It’s meant to be used for the walk to the reserve at St Abb’s Head.
It’s beside the farm cottage conversion, now an NTS visitor centre, a small cafe and a nice contemporary art gallery, just before you reach the village (and pictured here).
In the red-roofed little picture, the actual village of St Abbs – with the Ebba Centre (with cafe), the excellent Friday market and also the St Abbs Visitor Centre – are all just out of shot on the far right, beyond the trees. A five minute walk, I promise.
(Pictured here) St Abb’s head Lighthouse is inevitably a Stevenson light and, cleverly, David and Thomas Stevenson noticed that the very top of the cliff was often in mist.
Consequently, they built the lighthouse not on the highest point of the headland, but somewhat down the seaward slope.
Obviously, you’ll take care when you visit? Keep small children and dogs well-tethered.
St Abb’s Head For Birdwatching
As well as diving types, the village also attracts birdy folk. There is a splendid circular walk from the aforementioned carpark – probably best done anticlockwise.
That means go down to the coast, up by the cliffs, over to the lighthouse, and gawp at the seabird colonies – there are around 60,000 birds, and they smell very fishy.
The birds pictured here are kittiwakes. (More on birdlife in Scotland here.)
And kittiwakes really do say their name: ‘kitti-way-aches’ – a characteristic seabird colony sound.
Kittiwakes are a sea-going gull species – more wholesome than your average herring gull, not having developed a taste for land-fill sites and fish-and-chip wrappers.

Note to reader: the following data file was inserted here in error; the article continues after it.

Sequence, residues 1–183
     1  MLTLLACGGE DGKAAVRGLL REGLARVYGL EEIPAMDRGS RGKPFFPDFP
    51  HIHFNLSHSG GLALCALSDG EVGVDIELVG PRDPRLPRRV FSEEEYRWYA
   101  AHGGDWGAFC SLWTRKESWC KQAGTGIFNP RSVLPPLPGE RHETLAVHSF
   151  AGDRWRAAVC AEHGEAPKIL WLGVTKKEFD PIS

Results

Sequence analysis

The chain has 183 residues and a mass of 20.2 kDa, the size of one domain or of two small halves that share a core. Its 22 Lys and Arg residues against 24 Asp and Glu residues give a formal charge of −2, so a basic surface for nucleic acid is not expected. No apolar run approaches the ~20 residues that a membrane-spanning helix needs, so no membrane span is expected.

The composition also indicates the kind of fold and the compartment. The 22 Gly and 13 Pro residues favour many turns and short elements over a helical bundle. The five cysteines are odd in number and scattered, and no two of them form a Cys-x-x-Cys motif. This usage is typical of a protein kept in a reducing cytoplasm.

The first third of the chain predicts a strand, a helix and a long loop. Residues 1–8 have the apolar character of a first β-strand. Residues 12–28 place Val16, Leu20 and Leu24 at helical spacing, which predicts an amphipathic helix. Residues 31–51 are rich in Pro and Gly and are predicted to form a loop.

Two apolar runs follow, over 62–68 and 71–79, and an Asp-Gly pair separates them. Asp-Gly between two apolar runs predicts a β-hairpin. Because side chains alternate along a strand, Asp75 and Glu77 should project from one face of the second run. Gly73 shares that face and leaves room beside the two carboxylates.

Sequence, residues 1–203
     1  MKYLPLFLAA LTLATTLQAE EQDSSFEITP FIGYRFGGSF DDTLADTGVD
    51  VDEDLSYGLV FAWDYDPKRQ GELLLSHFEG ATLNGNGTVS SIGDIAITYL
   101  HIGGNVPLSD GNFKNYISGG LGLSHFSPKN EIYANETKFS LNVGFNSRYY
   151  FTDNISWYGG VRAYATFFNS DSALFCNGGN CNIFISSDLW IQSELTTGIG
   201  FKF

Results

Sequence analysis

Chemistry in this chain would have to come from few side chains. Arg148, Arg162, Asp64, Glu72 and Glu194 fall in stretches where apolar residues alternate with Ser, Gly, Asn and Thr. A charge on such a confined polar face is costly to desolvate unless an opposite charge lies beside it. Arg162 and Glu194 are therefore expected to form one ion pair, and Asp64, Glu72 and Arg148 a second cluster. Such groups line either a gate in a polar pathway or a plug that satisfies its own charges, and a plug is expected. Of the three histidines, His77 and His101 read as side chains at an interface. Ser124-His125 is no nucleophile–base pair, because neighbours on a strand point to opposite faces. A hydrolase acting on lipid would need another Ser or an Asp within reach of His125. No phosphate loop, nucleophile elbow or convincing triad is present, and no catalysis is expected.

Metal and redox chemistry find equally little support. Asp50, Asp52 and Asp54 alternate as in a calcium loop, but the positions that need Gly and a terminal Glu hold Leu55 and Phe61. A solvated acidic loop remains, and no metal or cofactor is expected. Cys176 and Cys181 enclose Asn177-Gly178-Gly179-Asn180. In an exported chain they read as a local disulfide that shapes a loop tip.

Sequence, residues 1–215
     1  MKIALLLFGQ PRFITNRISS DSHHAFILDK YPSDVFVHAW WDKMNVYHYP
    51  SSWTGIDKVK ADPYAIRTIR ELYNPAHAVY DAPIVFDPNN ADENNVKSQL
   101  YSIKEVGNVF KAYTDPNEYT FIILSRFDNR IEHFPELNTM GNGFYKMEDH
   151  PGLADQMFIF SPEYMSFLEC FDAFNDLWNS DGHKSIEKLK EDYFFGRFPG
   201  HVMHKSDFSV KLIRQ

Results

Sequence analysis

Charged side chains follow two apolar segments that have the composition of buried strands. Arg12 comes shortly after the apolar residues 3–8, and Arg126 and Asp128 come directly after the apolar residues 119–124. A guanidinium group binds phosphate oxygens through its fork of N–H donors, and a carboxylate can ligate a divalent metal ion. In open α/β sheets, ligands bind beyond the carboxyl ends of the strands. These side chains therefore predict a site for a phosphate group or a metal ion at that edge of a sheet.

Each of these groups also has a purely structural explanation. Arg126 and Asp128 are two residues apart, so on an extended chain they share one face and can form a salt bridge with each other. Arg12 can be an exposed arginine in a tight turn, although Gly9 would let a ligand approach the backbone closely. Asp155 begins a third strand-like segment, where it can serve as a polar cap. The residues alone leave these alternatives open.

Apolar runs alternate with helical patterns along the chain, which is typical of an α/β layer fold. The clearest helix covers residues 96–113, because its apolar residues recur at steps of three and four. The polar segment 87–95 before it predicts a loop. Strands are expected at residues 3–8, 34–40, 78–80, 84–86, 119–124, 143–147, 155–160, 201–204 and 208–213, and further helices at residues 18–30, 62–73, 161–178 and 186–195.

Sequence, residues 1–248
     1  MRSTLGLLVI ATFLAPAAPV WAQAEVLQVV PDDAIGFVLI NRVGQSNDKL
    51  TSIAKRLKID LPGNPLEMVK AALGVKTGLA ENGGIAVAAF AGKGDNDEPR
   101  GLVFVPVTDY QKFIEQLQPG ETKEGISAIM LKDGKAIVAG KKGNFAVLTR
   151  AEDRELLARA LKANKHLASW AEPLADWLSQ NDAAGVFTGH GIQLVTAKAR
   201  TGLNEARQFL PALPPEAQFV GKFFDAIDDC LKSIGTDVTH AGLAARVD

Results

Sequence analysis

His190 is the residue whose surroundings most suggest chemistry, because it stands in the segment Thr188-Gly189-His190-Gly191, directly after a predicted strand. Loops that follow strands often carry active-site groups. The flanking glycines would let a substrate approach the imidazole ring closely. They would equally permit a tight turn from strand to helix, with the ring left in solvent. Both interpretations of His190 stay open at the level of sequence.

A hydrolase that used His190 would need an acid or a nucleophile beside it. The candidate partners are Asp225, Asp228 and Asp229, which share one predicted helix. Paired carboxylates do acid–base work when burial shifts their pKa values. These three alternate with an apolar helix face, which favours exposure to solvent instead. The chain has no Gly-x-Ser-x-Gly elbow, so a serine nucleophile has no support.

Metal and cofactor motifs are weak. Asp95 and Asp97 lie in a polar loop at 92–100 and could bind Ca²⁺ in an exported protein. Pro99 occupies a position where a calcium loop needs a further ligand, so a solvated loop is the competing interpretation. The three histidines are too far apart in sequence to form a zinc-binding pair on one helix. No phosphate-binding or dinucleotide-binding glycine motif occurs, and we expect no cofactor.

Next, return either by the lighthouse access road or at lower level by the Mire Loch. It’s great – a real, exposed wild cliff experience.
St Abb’s Head is a National Nature Reserve.
The National Trust for Scotland own and manage it though, along with Scottish Natural Heritage.
St Abbs is also on the things to see in Scotland page now! It’s pretty much the best of the Borders.
Remember there’s great coastal walking on both sides of St Abbs. More information on Berwickshire coastal walks on that link. Oh, and if you are a visitor to these parts, then you’d probably also enjoy Berwick-upon-Tweed as well. You’d hardly know it was in England.
St Abbs’ fictional twin
Wait, there’s something else about St Abbs. It’s been twinned with New Asgard. No, hadn’t a clue either, (must be a young person’s thing) but it’s apparently a fictional village in the movie Avengers: Endgame and location filming took place in St Abbs.
Movie makers made a substantial donation to the local lifeboat station as well, which was nice of them. Ho-hum.
And finally, I do hope you notice I’ve been as careful as I can to spell St Abbs the village with no apostrophe and always use one in the name St Abb’s Head.
Nope, don’t really know why this is so but I’ve got a pretty much fool-proof, infallible rule for the apostrophe (in Scotland and beyond) on that link.
Nah, you’d probably enjoy the page on Berwick-upon-Tweed more.
In fact, Berwick-upon-Tweed accommodation is worth a look as well. It’s a good base for a St Abbs visit too.
Here are some more suggestions for seeing wild nature in Scotland.